DNA tourism

If you aren't sure where to go for your next vacation, maybe a DNA ancestry test will inspire you.

Dyker Heights holiday lights

The Dyker Lights in the Dyker Heights section of Brooklyn are nothing short of extraordinary. They are so amazing that more than 100,000 people come to check them out every year. But the number of visitors is growing so fast that many residents say the influx of people can get overwhelming.

Tours of Flushing

Now that the U.S. Open is underway, a section of Queens is taking advantage of the influx of visitors by offering free tours as a way to give people a reason to stick around town. After two years of planning the Greater Flushing Chamber of Commerce is offering the tours to highlight the culture, history and food of Flushing.

Castles of New York

When you think "castle" you probably think medieval times or maybe you think Belvedere Castle in Central Park. But a lot of majestic castles are scattered throughout New York State. North of New York City is Bannerman Castle. Lyndhurst was built in 1838. It was designed by architect Alexander Jackson Davis, the same man who designed Federal Hall on Wall Street.

East River crash report

The NTSB has released a preliminary report on the deadly helicopter crash in the east river. It doesn't say what caused the crash but it does outline the pilot's account of the events leading up to the tragedy in which all five passengers died. The passengers had booked a doors-off photography flight with liberty helicopters on March 11. The pilot took off on a clear night from an airport in Kearny, New Jersey.

NTSB probes helicopter crash

A pilot who survived a helicopter crash that killed his five passengers told authorities he believed a passenger's bag might have hit an emergency fuel shutoff switch in the moments before the chopper went down, a federal official told The Associated Press on Monday. The pilot, identified by Fox 5 News as Richard Vance, 33, was able to free himself and get out of the sinking craft but the four men and one woman did not survive. They were strapped into their seats and city divers had to cut them from their restraints after the helicopter went underwater. Two victims died at the scene. Three others were taken to the hospital where they later died.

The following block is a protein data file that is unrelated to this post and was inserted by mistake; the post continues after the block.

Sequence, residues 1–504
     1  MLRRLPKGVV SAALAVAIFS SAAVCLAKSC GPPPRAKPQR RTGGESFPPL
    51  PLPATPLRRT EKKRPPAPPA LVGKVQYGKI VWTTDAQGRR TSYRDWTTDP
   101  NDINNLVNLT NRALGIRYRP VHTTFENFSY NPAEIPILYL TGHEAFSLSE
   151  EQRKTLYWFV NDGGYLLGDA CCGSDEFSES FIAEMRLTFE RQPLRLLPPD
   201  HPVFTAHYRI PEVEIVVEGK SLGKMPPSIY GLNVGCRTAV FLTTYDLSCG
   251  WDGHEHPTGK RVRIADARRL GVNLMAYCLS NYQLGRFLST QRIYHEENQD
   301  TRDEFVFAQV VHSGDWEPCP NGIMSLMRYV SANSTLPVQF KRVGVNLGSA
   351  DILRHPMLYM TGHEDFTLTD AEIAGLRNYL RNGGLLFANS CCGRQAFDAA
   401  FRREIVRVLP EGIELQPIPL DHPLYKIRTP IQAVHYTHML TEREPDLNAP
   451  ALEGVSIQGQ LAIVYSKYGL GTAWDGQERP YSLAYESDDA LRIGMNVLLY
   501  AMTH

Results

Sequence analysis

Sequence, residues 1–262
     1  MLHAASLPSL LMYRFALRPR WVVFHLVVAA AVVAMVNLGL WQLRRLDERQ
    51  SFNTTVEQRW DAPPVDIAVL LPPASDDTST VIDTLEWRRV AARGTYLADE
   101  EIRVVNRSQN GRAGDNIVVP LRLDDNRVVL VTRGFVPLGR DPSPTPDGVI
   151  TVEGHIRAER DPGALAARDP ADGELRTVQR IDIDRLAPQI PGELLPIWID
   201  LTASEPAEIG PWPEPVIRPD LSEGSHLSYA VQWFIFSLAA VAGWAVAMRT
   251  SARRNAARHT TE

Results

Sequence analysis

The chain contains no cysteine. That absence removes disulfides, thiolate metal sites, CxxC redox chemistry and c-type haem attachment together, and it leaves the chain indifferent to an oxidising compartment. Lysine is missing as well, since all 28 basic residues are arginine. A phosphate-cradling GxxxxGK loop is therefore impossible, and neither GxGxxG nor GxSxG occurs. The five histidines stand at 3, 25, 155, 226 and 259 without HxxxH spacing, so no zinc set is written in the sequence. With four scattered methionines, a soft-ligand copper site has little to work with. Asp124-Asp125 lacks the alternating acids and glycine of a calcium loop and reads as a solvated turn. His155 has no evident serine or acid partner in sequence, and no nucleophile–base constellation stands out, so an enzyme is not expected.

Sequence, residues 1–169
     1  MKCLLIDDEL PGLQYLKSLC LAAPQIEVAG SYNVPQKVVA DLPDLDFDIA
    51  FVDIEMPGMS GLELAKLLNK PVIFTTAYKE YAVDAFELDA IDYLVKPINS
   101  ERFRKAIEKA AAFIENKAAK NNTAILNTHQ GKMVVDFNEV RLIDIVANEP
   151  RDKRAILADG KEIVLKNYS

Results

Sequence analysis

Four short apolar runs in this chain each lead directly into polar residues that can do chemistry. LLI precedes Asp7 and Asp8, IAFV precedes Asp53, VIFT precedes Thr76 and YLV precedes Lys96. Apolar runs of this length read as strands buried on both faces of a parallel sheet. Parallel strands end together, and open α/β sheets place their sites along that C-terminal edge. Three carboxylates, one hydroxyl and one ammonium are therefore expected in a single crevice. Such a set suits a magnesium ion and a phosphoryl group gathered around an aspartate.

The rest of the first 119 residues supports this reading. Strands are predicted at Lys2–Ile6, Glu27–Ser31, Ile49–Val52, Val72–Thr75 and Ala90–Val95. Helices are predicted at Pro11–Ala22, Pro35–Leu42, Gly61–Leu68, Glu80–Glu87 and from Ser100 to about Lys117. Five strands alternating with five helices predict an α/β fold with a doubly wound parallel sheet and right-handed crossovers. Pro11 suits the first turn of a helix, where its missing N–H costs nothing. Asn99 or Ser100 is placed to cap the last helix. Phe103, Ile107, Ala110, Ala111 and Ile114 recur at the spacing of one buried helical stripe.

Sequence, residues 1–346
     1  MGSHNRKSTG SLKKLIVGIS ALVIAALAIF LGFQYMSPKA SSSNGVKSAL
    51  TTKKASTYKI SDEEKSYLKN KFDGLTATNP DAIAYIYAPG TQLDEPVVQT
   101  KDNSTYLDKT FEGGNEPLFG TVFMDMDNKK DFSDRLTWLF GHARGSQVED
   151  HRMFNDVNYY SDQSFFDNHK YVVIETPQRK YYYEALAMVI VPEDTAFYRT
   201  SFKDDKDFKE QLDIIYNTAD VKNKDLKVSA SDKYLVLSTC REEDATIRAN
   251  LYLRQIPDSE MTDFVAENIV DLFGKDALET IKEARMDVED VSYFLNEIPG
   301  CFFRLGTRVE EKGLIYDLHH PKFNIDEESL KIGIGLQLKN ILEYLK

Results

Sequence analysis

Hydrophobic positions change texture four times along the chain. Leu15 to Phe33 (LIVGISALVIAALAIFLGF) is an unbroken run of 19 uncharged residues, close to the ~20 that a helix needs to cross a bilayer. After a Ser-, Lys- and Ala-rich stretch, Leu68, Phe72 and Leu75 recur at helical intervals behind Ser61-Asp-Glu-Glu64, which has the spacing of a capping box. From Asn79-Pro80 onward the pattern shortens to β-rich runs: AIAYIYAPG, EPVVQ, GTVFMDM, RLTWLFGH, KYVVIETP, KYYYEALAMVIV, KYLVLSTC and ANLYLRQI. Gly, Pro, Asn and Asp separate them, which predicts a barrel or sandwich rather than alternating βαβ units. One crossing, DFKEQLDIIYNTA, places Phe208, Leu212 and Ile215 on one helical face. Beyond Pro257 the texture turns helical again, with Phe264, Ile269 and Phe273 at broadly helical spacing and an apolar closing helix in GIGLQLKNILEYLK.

Conflict over highway signs

Federal officials are not showing the love for signs put up along New York's busiest highways and it could cost the state millions of dollars in fines. The feds ordered them taken down years ago, saying they were distracting for drivers. For the last five years, Kaehny has watched Gov. Andrew Cuomo defy the Federal Highway Administration's Manual on Uniform Traffic Control Devices by erecting more than 500 "I Love New York" highway signs across the state after the federal government told him not to.

Caribbean cruises

Nearly two months after Hurricanes Irma And Maria devastated parts of the Caribbean, the cruise industry wants you to know that most of region's ports are now open for business.

Ferris wheel on Staten Island

In 2012, then-Mayor Michael Bloomberg first announced plans to erect a 630-foot Ferris wheel on Staten Island. At that initial news conference, the New York Wheel CEO estimated the development's cost at $230 million. That total has since ballooned to nearly $600 million.

Trump's latest travel ban

The U.S. Supreme Court has canceled arguments set for October in the dispute over the president's travel ban. The move comes after the White House rolled out an updated version on Sunday. The New York Immigration Coalition is firing back at Trump's third travel ban. The second ban, announced in March, expired on September 24. The latest version replaced it. This ban is indefinite.

What to do on Staten Island

The forgotten borough of Staten Island is taking steps to become unforgettable. A new tourism and cultural affairs office opened this week aimed to get more tourists to explore the area. This is exciting news for local attractions.

Supreme Court partly reinstates travel ban

The United States Supreme Court on Monday handed the Trump administration a partial victory by allowing parts of its travel ban from several Muslim-majority countries to be enforced until it hears arguments in the fall on the appeal of a lower court's ruling that blocked the president's executive order. The court's 9-0 decision means the justices will wade into the biggest legal controversy of the Trump administration: President Donald Trump's order temporarily restricting travel from Iran, Libya, Somalia, Sudan, Syria and Yemen. The justices said that the government can temporarily bar entry to travelers that lack a "credible claim of a bona fide relationship with a person or entity in the United States" in the interested of national security.

The Disruptors: Global travel

Technology has radically changed how we book travel. Disruptors are making travel more accessible. By making it easier, more people are getting out to see the world, especially the younger generation, and that's a good thing. The only caveat: making sure technology doesn't dominate your experience.